Arghhh!

No, it’s not Talk Like a Pirate Day. That was last week. It’s an Arghhh of frustration.

Last night I replaced the gearbox on the chicken plucker. I put casters under the feather plate to keep it from rocking under the weight of the chickens. This morning, shortly before 6:00, I dropped the first chicken in. The plucker stopped. Not good. Apparently the plastic internals shattered again. So much for that plan. Another $55 down the drain.

Worse, I had 60 chickens to kill and after 10:00 would be working by myself. No way were we going to pluck that many by hand. Fortunately we had a bunch of extra plucker fingers, a few tools, and a little creativity.

For the people who requested plans of the washer plucker, sorry.  Looks like it’s not a practical design because the gearboxes aren’t strong enough.

It's not nearly as fast or easy as the tub style pluckers, but it is way better than plucking by hand. And it was built with scraps I had laying around so the price was right.

We built a drill powered table mounted plucker, then found that the drill chuck was worn enough that the plucker would work loose as it oscillated out of balance, and the nuts holding the rig together worked loose. We should have either used a left handed bolt or run the drill in reverse. The biggest problem was the lack of support to control the oscillation.

We ended up putting a support on the outside end of the plucker.  It’s not something that will hold up for a long time, but we just need to get through these chickens.  Then we’ll have all winter to come up with something better.  Hopefully by then I’ll have the washer plucker sorted out.

Twenty two chickens worth of feathers. We had to add the shield because it was throwing feather all over the garage. It's a messy operation for the person running the plucker. Then again, every part of butchering is messy.

Even with the time we spent building the plucker, we were able to butcher more chickens than we could have plucking by hand.  It’s you have limited engineering and building skills, or just do a few birds a year, I definitely recommend a plucker of this type.

Tomorrow we’ll have more help so we should be able to get more pictures.  We’ll try to get pictures showing the entire process and write up a bit of a how-to.

If At First You Don’t Succeed…

…You aren’t Chuck Norris.  Sorry, couldn’t resist.

I wish I could say that the new and improved washing machine chicken plucker is like a washing machine on steroids.  More accurately, it’s like a washing machine on crutches.  And roller skates.  I’ll explain that in a later post.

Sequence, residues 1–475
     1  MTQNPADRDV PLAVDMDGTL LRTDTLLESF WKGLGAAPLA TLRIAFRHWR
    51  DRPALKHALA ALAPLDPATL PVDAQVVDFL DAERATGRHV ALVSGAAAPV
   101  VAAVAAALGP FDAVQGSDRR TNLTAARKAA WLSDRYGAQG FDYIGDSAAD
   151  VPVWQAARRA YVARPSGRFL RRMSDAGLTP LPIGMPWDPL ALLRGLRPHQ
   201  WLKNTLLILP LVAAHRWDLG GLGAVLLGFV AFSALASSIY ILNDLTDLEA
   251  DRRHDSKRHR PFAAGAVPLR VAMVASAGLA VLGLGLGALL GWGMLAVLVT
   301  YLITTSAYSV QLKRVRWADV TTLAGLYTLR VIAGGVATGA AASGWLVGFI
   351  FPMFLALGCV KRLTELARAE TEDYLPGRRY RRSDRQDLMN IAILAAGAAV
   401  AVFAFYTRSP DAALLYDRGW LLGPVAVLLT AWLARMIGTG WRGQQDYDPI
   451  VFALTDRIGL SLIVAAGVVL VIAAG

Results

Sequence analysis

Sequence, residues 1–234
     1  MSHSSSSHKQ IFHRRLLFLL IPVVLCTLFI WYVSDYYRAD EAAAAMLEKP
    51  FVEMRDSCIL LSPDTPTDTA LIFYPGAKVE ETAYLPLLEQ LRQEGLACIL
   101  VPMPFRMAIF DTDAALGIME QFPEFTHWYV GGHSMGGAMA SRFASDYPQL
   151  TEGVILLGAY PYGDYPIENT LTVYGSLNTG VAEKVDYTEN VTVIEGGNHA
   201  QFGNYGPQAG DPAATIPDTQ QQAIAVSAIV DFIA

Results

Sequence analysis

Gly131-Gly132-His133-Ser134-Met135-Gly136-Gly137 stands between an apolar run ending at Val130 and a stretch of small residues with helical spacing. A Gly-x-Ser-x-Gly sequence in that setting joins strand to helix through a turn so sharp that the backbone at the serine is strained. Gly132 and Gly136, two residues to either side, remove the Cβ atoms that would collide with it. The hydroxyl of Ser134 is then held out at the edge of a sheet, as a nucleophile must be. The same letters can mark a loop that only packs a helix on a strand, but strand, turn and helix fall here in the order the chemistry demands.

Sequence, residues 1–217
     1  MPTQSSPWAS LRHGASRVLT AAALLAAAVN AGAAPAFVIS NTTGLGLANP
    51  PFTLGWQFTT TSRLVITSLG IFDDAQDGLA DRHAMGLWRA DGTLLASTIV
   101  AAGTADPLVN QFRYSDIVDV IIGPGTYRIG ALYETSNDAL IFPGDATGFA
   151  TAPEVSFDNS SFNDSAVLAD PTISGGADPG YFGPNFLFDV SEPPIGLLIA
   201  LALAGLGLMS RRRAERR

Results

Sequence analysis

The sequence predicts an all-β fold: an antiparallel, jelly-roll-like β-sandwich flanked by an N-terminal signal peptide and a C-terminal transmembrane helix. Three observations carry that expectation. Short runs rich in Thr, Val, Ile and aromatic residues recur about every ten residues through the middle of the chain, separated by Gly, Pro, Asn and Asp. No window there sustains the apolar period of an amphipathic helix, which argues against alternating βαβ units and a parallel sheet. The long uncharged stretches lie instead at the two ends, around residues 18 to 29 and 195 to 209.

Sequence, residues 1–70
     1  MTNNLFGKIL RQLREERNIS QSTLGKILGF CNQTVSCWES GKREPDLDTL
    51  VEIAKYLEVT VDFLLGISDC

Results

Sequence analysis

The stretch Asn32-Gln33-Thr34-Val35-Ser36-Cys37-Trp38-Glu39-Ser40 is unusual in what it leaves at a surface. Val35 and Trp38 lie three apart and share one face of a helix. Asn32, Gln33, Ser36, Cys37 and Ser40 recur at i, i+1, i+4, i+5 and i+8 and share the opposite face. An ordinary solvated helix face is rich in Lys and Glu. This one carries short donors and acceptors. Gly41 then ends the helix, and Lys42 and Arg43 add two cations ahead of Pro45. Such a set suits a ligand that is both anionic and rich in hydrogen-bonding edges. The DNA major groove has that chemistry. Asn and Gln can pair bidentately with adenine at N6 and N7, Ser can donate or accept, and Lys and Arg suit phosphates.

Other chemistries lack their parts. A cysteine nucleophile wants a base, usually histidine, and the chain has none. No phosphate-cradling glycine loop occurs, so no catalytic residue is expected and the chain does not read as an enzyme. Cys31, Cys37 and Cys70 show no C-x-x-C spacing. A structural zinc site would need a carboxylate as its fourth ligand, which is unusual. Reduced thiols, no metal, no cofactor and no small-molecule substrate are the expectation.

I spent $55 on a gearbox on eBay.  Sure, I could have scrounged one somewhere.  But with the chickens eating almost $10 worth of feed every day, it was worth the money to get as quickly as possible.  I thought about using ball transfers (Google it if you don’t know) to support the feather plate, but opted for the cheaper and more readily available rubber swivel casters.

With Bethany being under the weather (For our Australian readers, that means something totally different on this continent.) I’ve been helping out inside the house and didn’t get much done outside until the kids went to bed.  Tomorrow will probably be the same deal so I’ll start butchering around 5 and hopefully get a good start on it by the time the kids get up.

Ohh Man!

This morning when we hit the traffic jam in Northern VA, we pulled up behind a car with one of the greatest license plates, ever.  “OHH MAN”.  Very appropriate.

We finished early today so I was able to almost finish another job that I’ve been putting off for a couple weeks.  Just a couple little detail things to take care of then I’ll be done.  And I can get paid…

When I finally got home the second time today, I worked on the chicken plucker.  I know I’ve been promising for weeks that I’m about to finish it.  Turns out the metal drum is a lot tougher to drill than I expected and I could only drill a few holes before the drill would start to overheat.  I finally finished drilling, cleaned out the burrs, and pulled all the fingers.  I cut the agitator shaft, modified the motor mount to clear the backside of the plucker fingers, made a spacer block to raise the plucker plate half an inch, and test fitted everything.  It looks like it will work well.  It’d better, because we’re now scheduled to kill about 70 chickens three days from now.

I didn’t have time to take pictures today, but when I do the final assembly tomorrow or Friday I’ll get pictures and try to get a post up by Friday night.  We’ll take a lot of pictures of the whole butchering process, including making dog food, and make a series of posts covering those processes.